JonCole

"Ethics and Journalistic Integrity"

6158 posts in this topic

Edit: I'm going to periodically add links to the OP to better contextualize some of the talk on this thread.

 

Reference Links

 

Jeremy Parish of USGamer talks about Objectivity

Polygon's Ethics Statement

The Guardian's Editorial Code (for reference to media covering other topics)

Kotaku changes their policy regarding Patreon

Joystiq's Editorial Ethics Policies

 

Original Post

 

I didn't know if someone was going to make a topic, but here one is! Kindly continue the conversation from the Feminism topic here.

 

I'll throw in this particularly interesting write-up by some YouTube game personality, where he talks about some of the irrational psychology behind the kind of journalistic integrity conspiracy stuff we're seeing -

 

http://jamsponge.tumblr.com/post/95731137698/why-the-games-press-wont-talk-about-ethical-corruption

Share this post


Link to post
Share on other sites

So how are developers and game journalists being buddy-buddy going to destroy gaming as we know it?

Share this post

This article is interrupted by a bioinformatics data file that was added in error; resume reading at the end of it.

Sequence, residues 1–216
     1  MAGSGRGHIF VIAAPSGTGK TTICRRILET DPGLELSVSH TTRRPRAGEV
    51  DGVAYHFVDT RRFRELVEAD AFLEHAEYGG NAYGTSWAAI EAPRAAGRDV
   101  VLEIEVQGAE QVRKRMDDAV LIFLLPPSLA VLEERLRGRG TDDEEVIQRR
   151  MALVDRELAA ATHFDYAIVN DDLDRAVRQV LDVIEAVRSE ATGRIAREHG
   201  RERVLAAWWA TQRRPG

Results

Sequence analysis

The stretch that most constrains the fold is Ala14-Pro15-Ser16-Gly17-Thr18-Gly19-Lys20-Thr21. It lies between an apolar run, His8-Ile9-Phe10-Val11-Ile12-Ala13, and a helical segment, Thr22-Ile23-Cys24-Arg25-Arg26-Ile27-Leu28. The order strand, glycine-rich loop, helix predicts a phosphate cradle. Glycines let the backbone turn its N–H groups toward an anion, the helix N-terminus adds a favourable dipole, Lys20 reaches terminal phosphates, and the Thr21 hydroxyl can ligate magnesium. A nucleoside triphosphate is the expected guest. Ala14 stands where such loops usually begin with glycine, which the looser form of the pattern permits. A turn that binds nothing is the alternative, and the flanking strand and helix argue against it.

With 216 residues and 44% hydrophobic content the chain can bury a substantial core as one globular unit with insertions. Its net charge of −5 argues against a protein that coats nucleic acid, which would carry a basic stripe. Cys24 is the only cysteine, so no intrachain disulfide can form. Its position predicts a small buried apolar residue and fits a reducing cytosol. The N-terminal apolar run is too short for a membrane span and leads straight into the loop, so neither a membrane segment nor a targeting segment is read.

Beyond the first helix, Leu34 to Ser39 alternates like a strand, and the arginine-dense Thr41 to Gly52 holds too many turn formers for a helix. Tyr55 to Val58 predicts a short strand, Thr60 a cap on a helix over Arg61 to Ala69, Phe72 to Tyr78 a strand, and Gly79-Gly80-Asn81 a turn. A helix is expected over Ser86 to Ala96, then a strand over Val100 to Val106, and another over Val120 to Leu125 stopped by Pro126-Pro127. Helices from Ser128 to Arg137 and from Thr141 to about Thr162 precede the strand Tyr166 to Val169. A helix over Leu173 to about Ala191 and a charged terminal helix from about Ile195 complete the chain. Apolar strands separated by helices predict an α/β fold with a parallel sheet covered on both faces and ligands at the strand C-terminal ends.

Link to post
Share on other sites

Moved from the feminism thread. Still, whoops, I failed to spot how many pages of discussion took place after this post. Sorry.

 

 
@MadJackalope
Spending so much time worrying about potential nepotism and not about why the heck there is such a huge and terrifyingly aggressive reaction to the mere rumors of (pretty bland) misbehavior of a single marginally-high-profile woman gamedev, seems ... misguided, at best.
 
Indeed.
 
I spent some of this weekend with a youtuber who previously did games press work, and he was surprised at the fury about nepotism, because, like, professional publications *do* have processes and policies in place to work against it. He said he's finding the adjustment to youtube really weird, because now there's nobody actually monitoring and holding him to similar ethical standards and he has to just take responsibility for that himself (To clarify, he's not someone who's been involved in any of the ZQ stuff or Youtube payola things over the past few months, and he didn't talk about that lack of accountability as if it was a good thing).
 
It doesn't matter to the complainers in this case though: As soon as (for instance) Stephen Totlio says he's confident there's no wrongdoing on the part of his columnist, they can just expand their conspiracy to include him too. I think some of them really do believe they're attacking a conspiracy, and some others are just using it as a cover to harass and attack people.

Share this post


Link to post
Share on other sites